As with some previous designs, the fin shape makes a big difference in the stability numbers. Adding that step in the leading edge can raise the margin while reducing the fin area as a bonus. Also, pulling the fin tip back at an angle is having a positive effect on the margin, while also reducing the total fin area.
For the record, I *do* think that fin shape is pretty cool!


Cheers,

--Jay
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  #287  
Old 04-04-2006, 03:14 PM
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CPMcGraw CPMcGraw is offline
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Quote:
Originally Posted by CenturiGuy
Seriously, guys, wouldn't having a tiny body tube like that BT-3 (with 6 of its 8" length exposed) contribute to a serious case of the "bends?" (Nothing personal, Craig, but as a klutz, I seem to instinctively understand the laws of physics, and at this particular scale -- especially given Estes' currently "Thermonuclear" ejection charges -- I'm just a little concerned for this design. )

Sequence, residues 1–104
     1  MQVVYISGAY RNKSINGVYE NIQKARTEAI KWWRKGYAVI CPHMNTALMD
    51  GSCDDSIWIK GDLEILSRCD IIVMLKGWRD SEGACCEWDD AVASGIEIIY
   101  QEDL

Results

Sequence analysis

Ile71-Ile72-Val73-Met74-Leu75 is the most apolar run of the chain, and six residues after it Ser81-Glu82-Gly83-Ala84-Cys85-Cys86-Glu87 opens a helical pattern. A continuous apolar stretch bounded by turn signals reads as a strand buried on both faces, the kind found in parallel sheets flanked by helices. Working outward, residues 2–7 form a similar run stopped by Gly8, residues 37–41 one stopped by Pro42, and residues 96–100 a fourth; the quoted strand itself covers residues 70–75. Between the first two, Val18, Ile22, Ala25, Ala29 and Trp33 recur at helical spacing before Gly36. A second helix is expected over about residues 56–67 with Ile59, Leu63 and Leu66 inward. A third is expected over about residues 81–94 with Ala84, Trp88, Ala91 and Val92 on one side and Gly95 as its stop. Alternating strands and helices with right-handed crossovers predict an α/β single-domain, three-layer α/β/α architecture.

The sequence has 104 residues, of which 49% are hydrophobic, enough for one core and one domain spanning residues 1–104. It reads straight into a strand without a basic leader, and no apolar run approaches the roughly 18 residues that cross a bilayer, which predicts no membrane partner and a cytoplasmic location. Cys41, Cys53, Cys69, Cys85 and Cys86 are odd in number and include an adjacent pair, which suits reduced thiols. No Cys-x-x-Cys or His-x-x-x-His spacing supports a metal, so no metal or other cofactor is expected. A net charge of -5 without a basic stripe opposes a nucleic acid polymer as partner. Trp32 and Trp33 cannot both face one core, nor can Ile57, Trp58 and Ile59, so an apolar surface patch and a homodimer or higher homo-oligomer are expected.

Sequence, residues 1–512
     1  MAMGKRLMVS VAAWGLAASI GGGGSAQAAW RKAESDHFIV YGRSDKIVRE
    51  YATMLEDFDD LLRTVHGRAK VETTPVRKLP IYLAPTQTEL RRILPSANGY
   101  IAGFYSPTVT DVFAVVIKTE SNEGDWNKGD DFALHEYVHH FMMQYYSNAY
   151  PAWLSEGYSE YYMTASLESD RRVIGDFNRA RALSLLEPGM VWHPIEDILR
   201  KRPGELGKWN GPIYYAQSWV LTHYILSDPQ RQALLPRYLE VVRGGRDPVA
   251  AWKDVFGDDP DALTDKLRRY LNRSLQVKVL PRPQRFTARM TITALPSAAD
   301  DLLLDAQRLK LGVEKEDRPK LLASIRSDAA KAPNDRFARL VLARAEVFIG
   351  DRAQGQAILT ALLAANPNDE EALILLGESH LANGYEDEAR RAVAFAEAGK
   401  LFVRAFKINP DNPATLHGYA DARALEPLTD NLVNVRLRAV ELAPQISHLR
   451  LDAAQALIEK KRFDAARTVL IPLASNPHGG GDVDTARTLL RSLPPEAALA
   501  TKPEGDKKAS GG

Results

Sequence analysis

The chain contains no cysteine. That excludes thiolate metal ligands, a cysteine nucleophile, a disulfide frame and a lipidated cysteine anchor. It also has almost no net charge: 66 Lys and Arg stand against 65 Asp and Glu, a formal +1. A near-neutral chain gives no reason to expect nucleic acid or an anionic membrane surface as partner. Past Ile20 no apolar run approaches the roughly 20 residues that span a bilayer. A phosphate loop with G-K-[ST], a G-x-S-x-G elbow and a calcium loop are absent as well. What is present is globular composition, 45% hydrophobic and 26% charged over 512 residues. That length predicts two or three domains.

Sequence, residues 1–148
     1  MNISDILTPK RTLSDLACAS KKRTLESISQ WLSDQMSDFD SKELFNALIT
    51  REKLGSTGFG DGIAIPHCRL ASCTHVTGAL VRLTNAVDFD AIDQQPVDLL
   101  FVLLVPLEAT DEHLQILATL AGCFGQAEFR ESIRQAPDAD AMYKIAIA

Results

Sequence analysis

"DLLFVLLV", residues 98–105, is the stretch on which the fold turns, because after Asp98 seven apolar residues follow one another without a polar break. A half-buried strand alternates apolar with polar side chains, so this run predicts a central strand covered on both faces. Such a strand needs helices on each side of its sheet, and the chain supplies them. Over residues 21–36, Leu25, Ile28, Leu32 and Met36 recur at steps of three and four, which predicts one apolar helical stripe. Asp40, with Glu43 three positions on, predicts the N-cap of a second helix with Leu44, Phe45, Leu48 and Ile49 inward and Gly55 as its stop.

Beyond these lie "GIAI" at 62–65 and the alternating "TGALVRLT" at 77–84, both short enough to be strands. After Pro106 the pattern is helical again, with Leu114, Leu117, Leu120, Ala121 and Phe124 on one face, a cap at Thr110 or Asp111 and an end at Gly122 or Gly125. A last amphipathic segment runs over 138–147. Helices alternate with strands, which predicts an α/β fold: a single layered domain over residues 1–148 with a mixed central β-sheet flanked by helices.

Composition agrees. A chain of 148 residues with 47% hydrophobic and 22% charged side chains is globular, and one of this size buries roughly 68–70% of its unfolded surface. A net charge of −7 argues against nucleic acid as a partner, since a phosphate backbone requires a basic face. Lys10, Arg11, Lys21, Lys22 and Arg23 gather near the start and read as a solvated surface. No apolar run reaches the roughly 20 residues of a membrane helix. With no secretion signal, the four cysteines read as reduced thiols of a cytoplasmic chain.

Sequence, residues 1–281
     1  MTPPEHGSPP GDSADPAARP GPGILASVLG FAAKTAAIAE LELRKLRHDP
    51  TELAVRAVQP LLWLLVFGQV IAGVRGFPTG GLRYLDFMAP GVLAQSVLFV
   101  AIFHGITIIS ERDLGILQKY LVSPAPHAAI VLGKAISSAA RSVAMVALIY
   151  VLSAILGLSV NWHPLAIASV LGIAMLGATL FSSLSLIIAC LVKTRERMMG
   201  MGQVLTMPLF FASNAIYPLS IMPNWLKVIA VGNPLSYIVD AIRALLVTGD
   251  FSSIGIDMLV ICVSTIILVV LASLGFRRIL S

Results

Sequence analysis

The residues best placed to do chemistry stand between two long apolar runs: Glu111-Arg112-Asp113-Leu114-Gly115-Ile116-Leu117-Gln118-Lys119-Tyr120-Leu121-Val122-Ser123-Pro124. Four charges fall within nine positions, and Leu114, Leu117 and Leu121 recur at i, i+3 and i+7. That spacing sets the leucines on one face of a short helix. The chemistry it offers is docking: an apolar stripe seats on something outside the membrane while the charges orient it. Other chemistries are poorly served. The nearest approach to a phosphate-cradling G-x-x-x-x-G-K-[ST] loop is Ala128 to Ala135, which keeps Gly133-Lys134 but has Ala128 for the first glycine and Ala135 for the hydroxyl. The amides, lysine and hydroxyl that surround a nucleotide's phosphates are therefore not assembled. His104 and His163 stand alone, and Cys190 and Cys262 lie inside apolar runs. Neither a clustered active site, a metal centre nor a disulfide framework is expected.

The thought did manage to inch its way across my brain as I worked up the design. If this were being done for 18mm A-C motors, I'd agree completely. The smallest tube I would have used in that configuration would have been an ST-5 or BT-5. But since this design uses the 13mm motors instead, I felt it should be safe, even with those T-Nuke deployment charges.

In reality, though, I think the model will suffer less from actual flying and more from "hangar rash"...
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  #288  
Old 04-04-2006, 03:20 PM
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CPMcGraw CPMcGraw is offline
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Quote:
Originally Posted by CenturiGuy
For the record, I *do* think that fin shape is pretty cool!


Cheers,

--Jay